One of the most astounding things in Romans 8:30 is this: "And those he predestined, he also called; those he called, he also justified; those he justified, he also glorified." "Glorified" is in the past tense. Shouldn't Paul say, "The ones he foreknew he predestined, and justified, and will glorify?" Because the apostle is so absolutely certain that you are bound—that God is going to make you as beautiful as Jesus and give you all these incredible things—he writes of the glorification as an accomplished fact. He talks about it in the past tense because it's as good as done. God is not going to let anything in life get between you and that goal. You are predestined to be conformed to the image of God's Son.
In Romans 8:30, Paul calls Christ the firstborn among many brothers. That means we are all sons of God. We are all adopted into the family. When Paul alludes to adoption, he's talking about a practice that was common in the Roman world, but one that's quite different from the way we think of adoption. In the Roman world, most people who were adopted were adults. When a wealthy man had no heir and didn't want his estate to be broken up when he died, he would adopt an adult male, usually someone who worked for him whom he trusted. By adopting that adult male, he made him his son. The minute the legal procedure took place, their relationship was changed from formal to intimate, from temporary and conditional to permanent and unconditional. All the debts the man owed before his adoption were wiped out, and he suddenly became rich.
Being completely conformed to the likeness of God's Son is something that we look forward to in the future, although the transformation is happening now gradually. Being adopted among many brothers is something that we have now. The minute you become a Christian, you have intimacy of relationship. You have an unconditional relationship. You become wealthy, because everything that Jesus Christ has accomplished is transferred to you. You become beautiful and spiritually rich in him.
Some people are put off by Paul's language of adoption because it's gender insensitive. They argue, "Wouldn't it be better to say that we become sons and daughters of God?" It would, but that misses the whole point. Some time ago, a woman helped me understand this. She was raised in a non-Western family from a very traditional culture. There was only one son in the family, and it was understood in her culture that he would receive most of the family's provisions and honor. In essence, they said, "He's the son; you're just a girl." That's just the way it was.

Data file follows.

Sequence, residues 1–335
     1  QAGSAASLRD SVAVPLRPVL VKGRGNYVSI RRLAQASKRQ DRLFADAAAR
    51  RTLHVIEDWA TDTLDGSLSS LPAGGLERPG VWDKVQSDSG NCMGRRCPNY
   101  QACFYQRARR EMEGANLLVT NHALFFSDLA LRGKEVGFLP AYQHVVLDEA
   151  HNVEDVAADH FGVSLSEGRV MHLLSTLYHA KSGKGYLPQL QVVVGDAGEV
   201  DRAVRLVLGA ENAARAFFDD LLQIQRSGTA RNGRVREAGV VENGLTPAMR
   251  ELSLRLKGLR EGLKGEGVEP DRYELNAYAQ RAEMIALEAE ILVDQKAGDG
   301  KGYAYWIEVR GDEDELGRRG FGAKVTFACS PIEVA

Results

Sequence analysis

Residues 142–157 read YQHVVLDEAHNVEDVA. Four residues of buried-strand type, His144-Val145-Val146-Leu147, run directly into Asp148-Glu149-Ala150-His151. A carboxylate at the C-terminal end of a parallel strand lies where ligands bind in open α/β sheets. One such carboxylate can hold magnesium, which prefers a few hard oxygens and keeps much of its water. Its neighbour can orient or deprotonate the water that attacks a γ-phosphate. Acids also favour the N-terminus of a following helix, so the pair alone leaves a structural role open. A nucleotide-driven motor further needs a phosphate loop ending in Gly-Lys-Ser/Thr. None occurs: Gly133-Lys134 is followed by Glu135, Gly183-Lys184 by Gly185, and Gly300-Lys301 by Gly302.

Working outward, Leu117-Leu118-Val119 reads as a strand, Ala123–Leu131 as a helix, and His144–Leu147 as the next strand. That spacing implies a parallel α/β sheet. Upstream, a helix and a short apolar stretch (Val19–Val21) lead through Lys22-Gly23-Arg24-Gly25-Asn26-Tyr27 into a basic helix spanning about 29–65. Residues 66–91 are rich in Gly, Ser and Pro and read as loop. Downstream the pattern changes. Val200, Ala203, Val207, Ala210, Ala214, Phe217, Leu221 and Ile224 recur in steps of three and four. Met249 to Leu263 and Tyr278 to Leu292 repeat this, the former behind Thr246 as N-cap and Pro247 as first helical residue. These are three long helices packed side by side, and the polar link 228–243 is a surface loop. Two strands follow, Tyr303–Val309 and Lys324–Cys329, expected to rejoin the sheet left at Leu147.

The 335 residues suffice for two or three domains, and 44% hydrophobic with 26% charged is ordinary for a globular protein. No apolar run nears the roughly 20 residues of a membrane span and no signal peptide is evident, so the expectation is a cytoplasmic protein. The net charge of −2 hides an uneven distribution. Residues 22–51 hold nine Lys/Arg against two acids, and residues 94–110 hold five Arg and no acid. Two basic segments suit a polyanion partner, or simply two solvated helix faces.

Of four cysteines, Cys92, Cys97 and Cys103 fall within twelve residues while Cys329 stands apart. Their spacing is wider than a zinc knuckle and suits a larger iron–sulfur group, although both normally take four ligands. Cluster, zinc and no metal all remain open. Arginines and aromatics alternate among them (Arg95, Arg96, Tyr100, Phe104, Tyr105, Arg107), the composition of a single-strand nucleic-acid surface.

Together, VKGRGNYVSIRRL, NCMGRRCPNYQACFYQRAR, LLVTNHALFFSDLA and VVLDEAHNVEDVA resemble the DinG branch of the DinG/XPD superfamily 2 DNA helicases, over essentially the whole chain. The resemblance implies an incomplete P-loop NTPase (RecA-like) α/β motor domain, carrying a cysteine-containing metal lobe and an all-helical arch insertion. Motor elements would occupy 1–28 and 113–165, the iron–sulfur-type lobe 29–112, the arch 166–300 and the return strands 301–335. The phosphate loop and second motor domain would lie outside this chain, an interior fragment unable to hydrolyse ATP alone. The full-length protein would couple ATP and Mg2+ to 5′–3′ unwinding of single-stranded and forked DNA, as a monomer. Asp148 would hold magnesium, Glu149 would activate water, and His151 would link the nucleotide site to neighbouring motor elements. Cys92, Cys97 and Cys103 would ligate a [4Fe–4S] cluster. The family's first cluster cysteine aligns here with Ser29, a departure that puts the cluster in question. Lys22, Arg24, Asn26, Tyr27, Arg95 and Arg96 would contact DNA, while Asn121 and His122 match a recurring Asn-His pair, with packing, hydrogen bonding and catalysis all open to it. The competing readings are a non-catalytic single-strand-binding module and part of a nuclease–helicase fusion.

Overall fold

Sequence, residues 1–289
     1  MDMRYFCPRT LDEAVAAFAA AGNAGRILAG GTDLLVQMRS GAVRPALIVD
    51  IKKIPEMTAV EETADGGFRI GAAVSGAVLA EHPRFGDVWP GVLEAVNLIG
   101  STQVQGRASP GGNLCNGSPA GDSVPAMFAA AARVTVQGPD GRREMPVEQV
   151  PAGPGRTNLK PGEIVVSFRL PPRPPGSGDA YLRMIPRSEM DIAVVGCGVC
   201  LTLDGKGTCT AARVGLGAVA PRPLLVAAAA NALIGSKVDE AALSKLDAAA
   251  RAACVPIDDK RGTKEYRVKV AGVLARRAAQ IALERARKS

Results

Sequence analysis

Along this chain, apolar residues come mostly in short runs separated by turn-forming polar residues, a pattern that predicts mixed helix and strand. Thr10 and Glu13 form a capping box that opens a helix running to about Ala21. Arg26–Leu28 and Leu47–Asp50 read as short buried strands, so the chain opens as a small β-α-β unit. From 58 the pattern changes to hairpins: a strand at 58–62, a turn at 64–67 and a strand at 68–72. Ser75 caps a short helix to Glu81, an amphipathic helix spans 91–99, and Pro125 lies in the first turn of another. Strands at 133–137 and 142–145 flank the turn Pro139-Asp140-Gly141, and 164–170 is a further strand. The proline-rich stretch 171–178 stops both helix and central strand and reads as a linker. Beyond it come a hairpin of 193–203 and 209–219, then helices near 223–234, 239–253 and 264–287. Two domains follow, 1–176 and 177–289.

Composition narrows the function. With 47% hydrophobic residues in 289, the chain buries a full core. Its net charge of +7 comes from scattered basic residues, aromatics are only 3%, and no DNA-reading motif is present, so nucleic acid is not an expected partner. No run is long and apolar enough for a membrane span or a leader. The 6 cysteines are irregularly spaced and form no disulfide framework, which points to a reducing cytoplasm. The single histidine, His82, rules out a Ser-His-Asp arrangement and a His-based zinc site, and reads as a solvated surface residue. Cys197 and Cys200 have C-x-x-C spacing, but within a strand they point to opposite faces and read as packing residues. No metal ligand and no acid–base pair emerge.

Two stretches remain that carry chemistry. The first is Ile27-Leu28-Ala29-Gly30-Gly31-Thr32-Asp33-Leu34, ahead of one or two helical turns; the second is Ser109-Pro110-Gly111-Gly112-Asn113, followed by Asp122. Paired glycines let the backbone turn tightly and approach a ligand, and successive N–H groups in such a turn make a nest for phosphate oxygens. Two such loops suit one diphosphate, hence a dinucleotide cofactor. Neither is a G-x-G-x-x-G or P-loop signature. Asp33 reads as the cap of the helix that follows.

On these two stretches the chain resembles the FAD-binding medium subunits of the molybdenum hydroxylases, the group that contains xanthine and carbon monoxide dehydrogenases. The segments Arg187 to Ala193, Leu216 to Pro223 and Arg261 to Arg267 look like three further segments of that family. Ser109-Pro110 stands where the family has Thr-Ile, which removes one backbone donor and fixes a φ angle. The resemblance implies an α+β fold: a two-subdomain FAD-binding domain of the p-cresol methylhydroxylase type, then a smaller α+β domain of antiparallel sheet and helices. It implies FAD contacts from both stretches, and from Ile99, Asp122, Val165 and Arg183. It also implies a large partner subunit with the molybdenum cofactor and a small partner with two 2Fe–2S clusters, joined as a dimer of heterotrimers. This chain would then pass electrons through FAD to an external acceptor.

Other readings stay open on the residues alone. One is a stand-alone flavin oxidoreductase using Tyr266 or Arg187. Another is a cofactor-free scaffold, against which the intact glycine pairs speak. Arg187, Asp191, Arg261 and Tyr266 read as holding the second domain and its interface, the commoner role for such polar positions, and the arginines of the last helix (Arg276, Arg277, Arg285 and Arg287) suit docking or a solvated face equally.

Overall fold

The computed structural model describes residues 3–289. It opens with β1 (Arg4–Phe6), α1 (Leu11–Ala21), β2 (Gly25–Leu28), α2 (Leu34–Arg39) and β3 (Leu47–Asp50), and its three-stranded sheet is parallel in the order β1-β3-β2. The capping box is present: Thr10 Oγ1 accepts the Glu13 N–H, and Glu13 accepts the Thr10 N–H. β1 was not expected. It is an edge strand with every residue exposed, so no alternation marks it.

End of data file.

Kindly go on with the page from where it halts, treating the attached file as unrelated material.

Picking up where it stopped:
One day she was studying a passage on adoption in Paul's writings. She suddenly realized that the apostle was making a revolutionary claim. Paul lived in a traditional culture just like she did. He was living in a place where daughters were second-class citizens. When Paul said—out of his own traditional culture—that we are all sons in Christ, he was saying that there are no second-class citizens in God's family. When you give your life to Christ and become a Christian, you receive all the benefits a son enjoys in a traditional culture. As a white male, I've never been excluded like that. As a result, I didn't see the sweetness of this welcome. I didn't recognize all the beauty of God's subversive and revolutionary promise that raises us to the highest honor by adopting us as his sons.
Our adoption means we are loved like Christ is loved. We are honored like he is honored—every one of us—no matter what. Your circumstances cannot hinder or threaten that promise. In fact, your bad circumstances will only help you understand and even claim the beauty of that promise. The more you live out who you are in Christ, the more you become like him in actuality. Paul is not promising you better life circumstances; he is promising you a far better life. He's promising you a life of greatness. He is promising you a life of joy. He's promising you a life of humility. He's promising you a life of nobility. He's promising you a life that goes on forever.
The best things are yet to come.
That brings us to the third point. Why can you be joyful no matter what? Your bad things turn out for good, your good things can never be lost, and the best is yet to come. If you understand what is to come, you can handle anything here.
What amazes me is that even Ivan Karamazov, the atheist character in Dostoevsky's The Brothers Karamazov, understood how knowing what is to come helps a person endure present circumstances. He said:
I believe that suffering will be healed and made up for, that in the world's finality, at the moment of eternal harmony, something so precious will come to pass that it will suffice for all hearts, for the comforting of all resentments, for the atonement of all the crimes of humanity, of all the blood that's been shed, that it will make it not just possible to forgive, but to justify all that's happened.
I don't want you to think that this talk about glory and about heaven trivializes suffering. In fact, Ivan Karamazov said that this hope is the only worldview that takes our brokenness seriously. Our souls are so great and our suffering is so deep that nothing but this promise can overwhelm it. Glory does not trivialize human brokenness. It's the only thing that takes it seriously. What else could possibly deal with the hurts of our hearts? Your soul is too great for anything but this. Don't you know a compliment when you hear it?
Timothy Keller is the founding pastor of Redeemer Presbyterian Church in Manhattan. He is also the Chairman & Co-Founder of Redeemer City to City, which starts new churches in New York and other global cities, and publishes books and resources for ministry in an urban environment.